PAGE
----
Last Tuesday, after Abby’s ultrasound at 34 weeks, her doctor was concerned about the baby’s size, and sent us to the hospital for some additional tests. Indeed he was small (they told us 3 pounds, 1 ounce), and even though his heart beat well and he passed a sort of stress test that measured how he would respond to contractions, Abby was discharged with the expectation that she would deliver in two weeks by c-section or possibly by inducing labor.
She was discharged just in time for a wonderful baby shower on Saturday with my mom and her parents both in town.
Then on Wednesday, after another doctor’s appointment, the doctor told us again to go to the hospital. More drama – Abby’s fluid had dropped. Another ultrasound confirmed this finding — some measurement of amniotic fluid had dropped from 18 to 4. Fortunately, our triage doctor knew our ob-gyn personally, and when she called, he scheduled the C-section for 5pm on Thursday. He wasn’t even on call, but wanted to do the surgery himself.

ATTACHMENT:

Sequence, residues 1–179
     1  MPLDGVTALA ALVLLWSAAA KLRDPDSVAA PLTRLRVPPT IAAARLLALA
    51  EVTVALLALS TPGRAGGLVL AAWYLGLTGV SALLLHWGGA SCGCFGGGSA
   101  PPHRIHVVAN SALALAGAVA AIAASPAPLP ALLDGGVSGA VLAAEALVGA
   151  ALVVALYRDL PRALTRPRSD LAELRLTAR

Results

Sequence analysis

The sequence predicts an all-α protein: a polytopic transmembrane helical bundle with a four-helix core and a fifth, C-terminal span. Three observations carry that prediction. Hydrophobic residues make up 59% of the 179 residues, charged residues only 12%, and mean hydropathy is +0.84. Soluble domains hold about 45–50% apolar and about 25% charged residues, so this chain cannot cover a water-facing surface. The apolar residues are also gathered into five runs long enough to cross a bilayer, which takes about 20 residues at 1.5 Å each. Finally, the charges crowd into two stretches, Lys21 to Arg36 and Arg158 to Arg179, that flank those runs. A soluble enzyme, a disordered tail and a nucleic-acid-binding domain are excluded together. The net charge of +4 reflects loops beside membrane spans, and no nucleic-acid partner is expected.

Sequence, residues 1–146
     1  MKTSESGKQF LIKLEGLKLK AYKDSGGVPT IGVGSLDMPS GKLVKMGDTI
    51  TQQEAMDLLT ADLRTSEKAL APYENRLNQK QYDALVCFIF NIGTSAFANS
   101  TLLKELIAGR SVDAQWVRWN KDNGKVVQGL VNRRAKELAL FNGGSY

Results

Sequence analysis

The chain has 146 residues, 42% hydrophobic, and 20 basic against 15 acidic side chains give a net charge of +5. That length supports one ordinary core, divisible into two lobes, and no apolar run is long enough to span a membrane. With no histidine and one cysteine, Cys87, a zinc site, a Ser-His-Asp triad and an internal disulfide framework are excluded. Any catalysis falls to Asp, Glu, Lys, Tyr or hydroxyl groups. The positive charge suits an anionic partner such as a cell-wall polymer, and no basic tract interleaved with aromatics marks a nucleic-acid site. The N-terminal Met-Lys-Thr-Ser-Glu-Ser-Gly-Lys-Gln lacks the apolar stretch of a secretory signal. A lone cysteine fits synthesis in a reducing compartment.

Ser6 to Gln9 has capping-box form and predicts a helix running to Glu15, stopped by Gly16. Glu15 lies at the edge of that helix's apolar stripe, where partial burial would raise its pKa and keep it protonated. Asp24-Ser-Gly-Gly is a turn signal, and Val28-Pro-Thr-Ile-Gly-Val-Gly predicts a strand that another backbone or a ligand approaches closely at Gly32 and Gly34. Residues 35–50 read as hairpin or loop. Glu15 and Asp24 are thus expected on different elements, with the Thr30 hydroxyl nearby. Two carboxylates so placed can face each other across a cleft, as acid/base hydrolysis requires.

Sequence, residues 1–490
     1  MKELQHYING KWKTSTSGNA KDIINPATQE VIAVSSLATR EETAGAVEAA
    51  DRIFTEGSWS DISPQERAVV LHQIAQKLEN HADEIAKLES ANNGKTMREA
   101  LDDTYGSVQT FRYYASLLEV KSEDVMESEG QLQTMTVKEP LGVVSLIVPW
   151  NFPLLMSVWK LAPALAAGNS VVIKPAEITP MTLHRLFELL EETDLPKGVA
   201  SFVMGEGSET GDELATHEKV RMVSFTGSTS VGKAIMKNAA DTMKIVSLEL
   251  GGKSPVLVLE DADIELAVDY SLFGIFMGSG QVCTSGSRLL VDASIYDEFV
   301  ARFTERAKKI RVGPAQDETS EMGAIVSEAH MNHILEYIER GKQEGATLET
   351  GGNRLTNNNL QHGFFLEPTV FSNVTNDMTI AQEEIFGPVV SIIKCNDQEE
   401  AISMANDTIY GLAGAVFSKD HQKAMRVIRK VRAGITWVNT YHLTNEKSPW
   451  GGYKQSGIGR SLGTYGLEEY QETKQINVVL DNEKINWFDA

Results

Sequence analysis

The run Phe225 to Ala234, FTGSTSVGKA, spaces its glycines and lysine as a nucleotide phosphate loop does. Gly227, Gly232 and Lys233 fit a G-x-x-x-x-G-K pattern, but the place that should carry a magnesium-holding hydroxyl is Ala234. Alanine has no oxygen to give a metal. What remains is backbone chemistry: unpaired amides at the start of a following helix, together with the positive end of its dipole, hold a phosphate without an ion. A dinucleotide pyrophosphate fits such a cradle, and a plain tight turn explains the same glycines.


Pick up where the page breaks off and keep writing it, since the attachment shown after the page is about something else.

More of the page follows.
So on Thursday, April 26, at 5:56pm in an operating room of Winnie Palmer Hospital for Women and Children, James William Gjertsen was born into this world.
2 pounds 14 ounces was the official birthweight. We were a little surprised it was less than 3 pounds, since the earlier ultrasounds had estimated him heavier. Abby barely got to see him at all before he was whisked off to the intensive care area, but I got a chance to snap a few photos.
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Abby is recovering a little slower than I had hoped, maybe, although making good progress. The foley cathether is out, the epidural is out, she’s on some pain medication on as as-needed basis. She’s still on “full liquid” diet, meaning she can eat cream of wheat, etc. When she’s able to pass gas she can move up to soft foods. Hopefully that’s today. She’s supposed to be pumping breastmilk every three hours, but I think yesterday she only had the energy to do it twice, and once the night after the surgery. The first two times she got a few drops of colostrum and the third time we got nothing.